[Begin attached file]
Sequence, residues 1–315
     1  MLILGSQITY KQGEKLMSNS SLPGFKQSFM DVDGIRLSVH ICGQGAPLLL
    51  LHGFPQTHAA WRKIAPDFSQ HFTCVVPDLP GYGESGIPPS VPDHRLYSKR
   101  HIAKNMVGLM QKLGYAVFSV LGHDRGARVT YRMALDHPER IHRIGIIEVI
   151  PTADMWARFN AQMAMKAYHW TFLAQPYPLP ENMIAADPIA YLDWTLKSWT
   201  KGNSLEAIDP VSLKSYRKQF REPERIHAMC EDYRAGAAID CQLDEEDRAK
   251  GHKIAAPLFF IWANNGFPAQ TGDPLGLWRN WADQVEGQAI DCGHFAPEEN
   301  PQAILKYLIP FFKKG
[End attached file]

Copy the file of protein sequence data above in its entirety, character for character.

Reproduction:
Sequence, residues 1–315
     1  MLILGSQITY KQGEKLMSNS SLPGFKQSFM DVDGIRLSVH ICGQGAPLLL
    51  LHGFPQTHAA WRKIAPDFSQ HFTCVVPDLP GYGESGIPPS VPDHRLYSKR
   101  HIAKNMVGLM QKLGYAVFSV LGHDRGARVT YRMALDHPER IHRIGIIEVI
   151  PTADMWARFN AQMAMKAYHW TFLAQPYPLP ENMIAADPIA YLDWTLKSWT
   201  KGNSLEAIDP VSLKSYRKQF REPERIHAMC EDYRAGAAID CQLDEEDRAK
   251  GHKIAAPLFF IWANNGFPAQ TGDPLGLWRN WADQVEGQAI DCGHFAPEEN
   301  PQAILKYLIP FFKKG